- What determines how long someone can hold a breath? People usually need to gasp for air long before their brain or body runs out of oxygen (the obvious limitation).
- Investigating what limits our control over breath holding has been difficult, but decades of research suggest that the diaphragm, which contracts to inflate the lungs, plays a key role.
- The best hypothesis is that the diaphragm sends signals to the brain about how long it has been contracted and how it is biochemically reacting to depleted levels of oxygen or rising levels of carbon dioxide. Initially those signals cause mere discomfort, but eventually the brain finds them intolerable and forces breathing to start again.
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Take a deep breath and hold it. You are now engaging in a surprisingly mysterious activity. On average, we humans breathe automatically about 12 times per minute, and this respiratory cycle, along with the beating of our heart, is one of our two vital biological rhythms. The brain adjusts the cadence of breathing to our body’s needs without our conscious effort. Nevertheless, all of us also have the voluntary ability to deliberately hold our breath for short periods. This skill is advantageous when preventing water or dust from entering our lungs, when stabilizing our chests before muscular exertion and when extending how long we can speak without pause. We hold our breath so naturally and casually that it may come as a surprise to learn that fundamental understanding of this ability still eludes science.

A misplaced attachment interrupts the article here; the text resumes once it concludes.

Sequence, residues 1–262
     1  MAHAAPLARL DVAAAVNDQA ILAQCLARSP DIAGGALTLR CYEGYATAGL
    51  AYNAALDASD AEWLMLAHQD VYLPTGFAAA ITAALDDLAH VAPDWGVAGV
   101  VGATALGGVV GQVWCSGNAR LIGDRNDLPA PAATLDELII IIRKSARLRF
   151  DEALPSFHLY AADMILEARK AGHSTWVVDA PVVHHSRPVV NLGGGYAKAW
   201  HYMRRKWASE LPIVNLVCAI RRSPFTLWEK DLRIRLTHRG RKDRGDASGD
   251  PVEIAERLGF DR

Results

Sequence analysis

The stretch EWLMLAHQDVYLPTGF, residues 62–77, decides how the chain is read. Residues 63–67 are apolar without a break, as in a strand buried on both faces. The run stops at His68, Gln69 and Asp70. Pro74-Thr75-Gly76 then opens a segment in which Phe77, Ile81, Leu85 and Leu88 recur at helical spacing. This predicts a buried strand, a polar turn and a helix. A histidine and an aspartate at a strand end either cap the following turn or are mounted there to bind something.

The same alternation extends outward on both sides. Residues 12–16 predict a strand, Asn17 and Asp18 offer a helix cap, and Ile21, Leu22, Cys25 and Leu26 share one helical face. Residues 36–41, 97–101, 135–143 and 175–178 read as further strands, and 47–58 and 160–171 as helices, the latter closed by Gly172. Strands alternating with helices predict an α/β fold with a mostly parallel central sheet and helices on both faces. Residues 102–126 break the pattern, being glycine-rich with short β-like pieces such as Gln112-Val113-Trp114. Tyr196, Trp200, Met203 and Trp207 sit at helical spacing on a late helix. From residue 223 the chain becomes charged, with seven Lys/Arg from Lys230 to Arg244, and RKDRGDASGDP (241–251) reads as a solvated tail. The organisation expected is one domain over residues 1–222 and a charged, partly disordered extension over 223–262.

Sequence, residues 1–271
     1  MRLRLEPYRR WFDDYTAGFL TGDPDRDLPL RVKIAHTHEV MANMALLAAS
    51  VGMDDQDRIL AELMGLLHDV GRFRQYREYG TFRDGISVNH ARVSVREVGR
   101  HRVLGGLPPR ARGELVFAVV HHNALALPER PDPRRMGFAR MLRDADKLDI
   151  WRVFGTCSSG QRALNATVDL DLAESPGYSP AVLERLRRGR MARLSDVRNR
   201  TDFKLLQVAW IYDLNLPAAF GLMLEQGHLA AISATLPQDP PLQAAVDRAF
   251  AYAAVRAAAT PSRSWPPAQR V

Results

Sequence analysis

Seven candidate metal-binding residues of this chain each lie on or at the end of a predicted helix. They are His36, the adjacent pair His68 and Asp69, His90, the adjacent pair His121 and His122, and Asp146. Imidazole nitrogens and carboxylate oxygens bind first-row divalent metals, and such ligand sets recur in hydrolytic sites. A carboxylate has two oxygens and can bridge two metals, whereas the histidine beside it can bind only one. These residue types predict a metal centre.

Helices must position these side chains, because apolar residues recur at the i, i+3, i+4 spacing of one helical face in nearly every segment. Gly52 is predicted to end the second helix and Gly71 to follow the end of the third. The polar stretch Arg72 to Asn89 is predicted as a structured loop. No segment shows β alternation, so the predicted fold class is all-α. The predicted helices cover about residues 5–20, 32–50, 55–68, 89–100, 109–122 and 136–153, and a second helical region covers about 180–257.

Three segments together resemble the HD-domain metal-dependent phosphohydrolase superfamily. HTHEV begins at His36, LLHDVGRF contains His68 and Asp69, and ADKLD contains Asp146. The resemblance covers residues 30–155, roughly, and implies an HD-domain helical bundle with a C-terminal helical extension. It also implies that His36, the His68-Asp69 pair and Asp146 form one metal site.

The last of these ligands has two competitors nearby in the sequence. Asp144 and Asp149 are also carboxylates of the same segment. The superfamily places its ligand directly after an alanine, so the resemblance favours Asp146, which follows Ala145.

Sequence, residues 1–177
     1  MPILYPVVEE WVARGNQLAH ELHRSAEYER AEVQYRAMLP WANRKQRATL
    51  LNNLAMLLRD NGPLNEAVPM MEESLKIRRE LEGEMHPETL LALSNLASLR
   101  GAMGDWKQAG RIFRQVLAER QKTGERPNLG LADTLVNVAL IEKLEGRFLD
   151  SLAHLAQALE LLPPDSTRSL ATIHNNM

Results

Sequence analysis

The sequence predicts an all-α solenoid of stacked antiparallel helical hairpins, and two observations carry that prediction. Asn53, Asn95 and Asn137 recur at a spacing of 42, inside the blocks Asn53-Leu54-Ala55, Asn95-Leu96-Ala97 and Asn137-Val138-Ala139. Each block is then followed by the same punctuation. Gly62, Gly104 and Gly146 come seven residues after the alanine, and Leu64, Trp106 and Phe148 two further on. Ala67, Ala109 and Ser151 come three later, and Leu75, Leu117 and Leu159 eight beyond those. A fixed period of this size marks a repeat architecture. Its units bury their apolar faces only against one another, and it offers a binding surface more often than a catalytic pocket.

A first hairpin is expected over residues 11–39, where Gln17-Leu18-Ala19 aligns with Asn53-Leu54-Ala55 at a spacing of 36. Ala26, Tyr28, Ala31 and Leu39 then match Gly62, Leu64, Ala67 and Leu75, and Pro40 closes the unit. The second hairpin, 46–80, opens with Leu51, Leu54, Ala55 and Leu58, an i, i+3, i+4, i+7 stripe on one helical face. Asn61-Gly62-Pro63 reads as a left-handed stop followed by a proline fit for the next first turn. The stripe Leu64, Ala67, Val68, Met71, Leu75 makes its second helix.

(Feel free to exhale now, if you haven’t already.)
This article was originally published with the title The Limits of Breath Holding.